18 English Bridge June 2016 www.ebu.co.uk
IT OFTEN staggers me how poorly many people's
defence is at bridge. When you pause to consider
that you will defend on approximately 50% of all
bridge hands you will realise how important it is.
On some occasions it is simply which card to switch
to which is vital - you have correctly diagnosed
which suit to attack - but then you fail to switch to
the correct card.
The concept of surrounding a card - usually
visible in dummy can therefore be absolutely vital.
Let us look at a couple of fairly common
examples to demonstrate:
SURROUNDING DUMMY'S 10
Let us imagine ourselves in the mind of defender
East. If we find ourselves on lead, regardless of
whether it's a suit contract or no trumps, we shall
assume that East understands the need to switch to
Remember East can only see the following :
If East now incorrectly switches to a low card with
the earlier layout, South will simply play low to
guarantee a stopper (one trick on this occasion) in
If East plays low, then South can play low, West is
forced to play the ace to take the trick and North
follows low. South will always be able to win the
queen at a later stage.
The correct defensive solution is for East to
surround dummy's 10 by starting with the jack
rather than a low card.
WATCH . . .
First trick: J, Q, A, low
Next trick: West can lead low through dummy's 10.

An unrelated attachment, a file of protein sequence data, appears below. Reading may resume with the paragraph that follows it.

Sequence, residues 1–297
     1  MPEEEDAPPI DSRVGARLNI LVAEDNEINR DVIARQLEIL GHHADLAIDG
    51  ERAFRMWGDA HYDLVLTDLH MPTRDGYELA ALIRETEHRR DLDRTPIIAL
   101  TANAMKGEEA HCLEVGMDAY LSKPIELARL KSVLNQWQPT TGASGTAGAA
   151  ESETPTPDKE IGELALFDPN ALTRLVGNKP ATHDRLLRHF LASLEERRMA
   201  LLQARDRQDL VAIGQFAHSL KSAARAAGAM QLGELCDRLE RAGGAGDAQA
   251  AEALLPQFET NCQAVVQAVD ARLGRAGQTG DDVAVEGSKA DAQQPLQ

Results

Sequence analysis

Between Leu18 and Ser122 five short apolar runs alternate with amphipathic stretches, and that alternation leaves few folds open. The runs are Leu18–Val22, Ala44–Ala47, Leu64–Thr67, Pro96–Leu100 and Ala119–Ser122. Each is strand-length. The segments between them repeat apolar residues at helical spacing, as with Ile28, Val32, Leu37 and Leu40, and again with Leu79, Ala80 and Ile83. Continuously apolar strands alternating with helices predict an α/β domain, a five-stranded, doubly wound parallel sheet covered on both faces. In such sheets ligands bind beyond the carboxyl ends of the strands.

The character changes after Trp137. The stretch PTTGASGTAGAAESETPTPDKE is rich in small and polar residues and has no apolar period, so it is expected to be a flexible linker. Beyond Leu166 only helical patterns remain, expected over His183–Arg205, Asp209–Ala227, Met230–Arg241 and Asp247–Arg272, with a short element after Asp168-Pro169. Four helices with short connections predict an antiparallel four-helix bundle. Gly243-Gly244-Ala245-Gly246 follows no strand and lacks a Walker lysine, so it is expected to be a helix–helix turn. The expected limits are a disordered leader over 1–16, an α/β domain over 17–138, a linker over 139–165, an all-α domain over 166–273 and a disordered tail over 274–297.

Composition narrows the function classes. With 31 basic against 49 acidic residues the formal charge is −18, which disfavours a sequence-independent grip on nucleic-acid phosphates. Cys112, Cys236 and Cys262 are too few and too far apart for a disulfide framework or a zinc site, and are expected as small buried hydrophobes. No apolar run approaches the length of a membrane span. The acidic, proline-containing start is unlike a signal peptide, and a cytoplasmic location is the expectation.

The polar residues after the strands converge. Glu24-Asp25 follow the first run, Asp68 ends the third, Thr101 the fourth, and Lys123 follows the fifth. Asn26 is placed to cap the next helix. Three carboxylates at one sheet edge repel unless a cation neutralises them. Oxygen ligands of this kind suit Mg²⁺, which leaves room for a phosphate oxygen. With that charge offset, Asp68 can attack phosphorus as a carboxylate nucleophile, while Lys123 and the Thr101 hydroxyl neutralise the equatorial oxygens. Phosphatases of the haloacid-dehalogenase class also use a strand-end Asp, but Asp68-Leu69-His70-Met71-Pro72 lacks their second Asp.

East's K-9 acts as a tenace to secure two
tricks. If declarer plays the 10, then the
king followed by the nine will secure
two tricks. If declarer plays low, then
the nine followed by the king will
secure two tricks.
So the principle here is that East can anticipate
South's possible holding without cost and
potentially nullify it by surrounding the 10 in
dummy. Importantly, should South hold the ace
rather than the queen then no harm has been done
to the defence. Also (almost in passing) - should
South actually hold both the ace and the queen then
it is essential to switch to the jack to limit them to
two tricks rather than three. If East leads low, and
South holds both, declarer could play low and win
with the 10 in the North hand and then win two
subsequent tricks with the ace and queen still sitting
over East's king.
One further technical point when learning the
idea of surrounding the 10. If East held K-J-8-x
rather than K-J-9-x he should still switch to the jack
when broaching the suit. This caters for West
holding both the ace and the nine:
Again, if East switches to a low club South simply
has to play low to score an undeserved trick in the
suit. By switching to the jack it will go J, Q, A, low.
Then next trick West can play the nine through the
10 to stop declarer scoring any tricks in the suit.
by Neil Rosen
® 10 x x
® A x x ® K J 9 x
® Q x x
® 10 x x
® A 9 x ® K J 8 x
® Q x x
® 10 x x
® ? ® K J 9 x